Going inside was the right move for Kershaw
If it happened to hit Gerardo Parra(notes) – and maybe, even probably, that was his intention – then Kershaw might spend the next four innings watching baseball from the clubhouse, the Los Angeles Dodgers bullpen pitching him toward his 19th win.
Justly or not, the game – and his continued participation in it – would belong to the wariest of umpires, in this case Bill Welke.
From first base 24 hours earlier, Welke no doubt observed Kershaw standing at the dugout rail appearing to threaten Parra, moments after the little left fielder and eight-hole hitter turned around a Hong-Chih Kuo(notes) fastball, watched it clear the fence and pimped it for every glorious inch.
The Dodgers didn’t like it. Parra didn’t much care, and neither did the Arizona Diamondbacks.
That left Kershaw, the baseball in his hand, a Cy Young Award within reach, pitching a one-hit shutout at Dodger Stadium, Parra waiting.
Presumably, Kershaw would have bigger things to pitch for than retribution. His club out of contention since Memorial Day, he led the National League in ERA, in strikeouts, and would pitch for a tie for the league lead (with Arizona’s Ian Kennedy(notes)) in wins.
There would be other days, other shots at Parra, a different umpiring crew, when a single fastball to the hip would mean nothing to anyone but Kershaw and Parra.
Instead, when Parra led off the sixth, Kershaw came inside with a strike-one fastball that clipped Parra’s right elbow. Welke threw Kershaw from the game, then ran Dodgers manager Don Mattingly, who arrived plate-side apoplectic.
Kershaw pleaded. He stomped. He demanded the inside part of the plate. Welke, who had acted absurdly, did not budge. The boy wonder with the big fastball and vanishing slider, Kershaw flung his jacket over his shoulder and turned left toward the Dodgers clubhouse.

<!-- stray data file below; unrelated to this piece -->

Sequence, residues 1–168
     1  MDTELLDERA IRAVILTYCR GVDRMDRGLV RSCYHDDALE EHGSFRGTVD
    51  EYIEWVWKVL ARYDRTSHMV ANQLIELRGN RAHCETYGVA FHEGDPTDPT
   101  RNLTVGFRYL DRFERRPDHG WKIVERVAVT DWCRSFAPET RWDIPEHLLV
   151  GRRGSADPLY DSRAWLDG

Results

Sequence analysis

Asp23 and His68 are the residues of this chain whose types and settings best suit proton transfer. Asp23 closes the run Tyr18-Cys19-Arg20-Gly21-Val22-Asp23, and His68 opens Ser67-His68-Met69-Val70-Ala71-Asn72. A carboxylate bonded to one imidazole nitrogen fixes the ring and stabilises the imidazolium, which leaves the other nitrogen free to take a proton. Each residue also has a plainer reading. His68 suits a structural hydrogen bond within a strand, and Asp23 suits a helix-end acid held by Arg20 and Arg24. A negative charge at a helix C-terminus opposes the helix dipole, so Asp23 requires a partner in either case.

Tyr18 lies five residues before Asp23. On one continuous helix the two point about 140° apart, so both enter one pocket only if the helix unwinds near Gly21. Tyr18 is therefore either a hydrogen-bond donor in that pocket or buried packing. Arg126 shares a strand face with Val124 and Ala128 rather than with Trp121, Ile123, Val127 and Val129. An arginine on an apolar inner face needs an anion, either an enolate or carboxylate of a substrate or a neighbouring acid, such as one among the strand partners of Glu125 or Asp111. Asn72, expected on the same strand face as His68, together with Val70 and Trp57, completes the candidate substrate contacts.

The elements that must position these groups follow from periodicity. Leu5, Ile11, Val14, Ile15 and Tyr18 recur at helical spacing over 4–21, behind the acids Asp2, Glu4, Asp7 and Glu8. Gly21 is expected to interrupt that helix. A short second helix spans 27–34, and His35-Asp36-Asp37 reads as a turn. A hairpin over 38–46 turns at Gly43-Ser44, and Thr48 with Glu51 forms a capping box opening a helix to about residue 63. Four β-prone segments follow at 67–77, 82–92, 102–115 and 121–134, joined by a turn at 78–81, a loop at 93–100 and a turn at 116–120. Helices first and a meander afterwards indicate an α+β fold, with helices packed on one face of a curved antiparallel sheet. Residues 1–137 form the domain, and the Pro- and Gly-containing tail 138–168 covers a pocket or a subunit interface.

“You have to let me pitch!” he shouted toward the field as he went. “You have to let me pitch!”
On a mid-September night that hinted at a fall that won’t ever come for the Dodgers, Kershaw had to know what he risked, that possibly being the Cy Young Award.
In a season in which .04 runs separate him from Roy Halladay(notes) in the ERA race and .14 runs separate him from Cliff Lee(notes), in which he leads Halladay now by a win and Lee by three and trails both in complete games, in which the top three or four candidates will decide the award in the coming two weeks, and in which the size of his home ballpark could be used against him in the balloting, Kershaw – and maybe, even probably, this was his intention – put his ballclub above whatever the next four innings would bring.
As well as he was pitching Wednesday night, there was little doubt they’d look a lot like the first five.
So Parra acted out the night before. So an over-officious Welke would not allow the two clubs to settle it up on the field. How do you think the San Francisco Giants, hanging by a thread in the NL West, saw it? How do you think the Dodgers, holding a 2-0 lead with none out in the sixth, and now with the opposing leadoff hitter on first base, saw it?
So Kershaw would not budge. He’d allowed a double on an outside fastball to Parra in the third inning. He would not go out there again, not without first backing Parra away from the plate. Hard. And if Parra got hit, well, all’s fair. Maybe, even probably, it was supposed to hit Parra.
But Kershaw was going to pitch first and stand for his teammates, Kuo among them. That’s how a 23-year-old with the face of a 14-year-old becomes a leader in an organization that is scattered and foundering, on a roster that needs work, in a clubhouse that wonders where the next hero is coming from.
Sure it was a risk. He had to know that. It might have cost him – them – a win. It might cost him a Cy Young vote or two.
“I really don’t think Clayton’s going to be concerned with all that,” Mattingly said later. “He’s gonna pitch.”
Crew chief Tim Tschida stated, “It was intentional,” and he concluded, “It was left over from last night.”
Maybe so. And probably it was.
“No,” Kershaw said. “I gotta pitch. I’m not worried about anything else but getting guys out. Whatever happened yesterday, it happened yesterday.”
Either way, tomorrow looks better for it, for Kershaw and the Dodgers.
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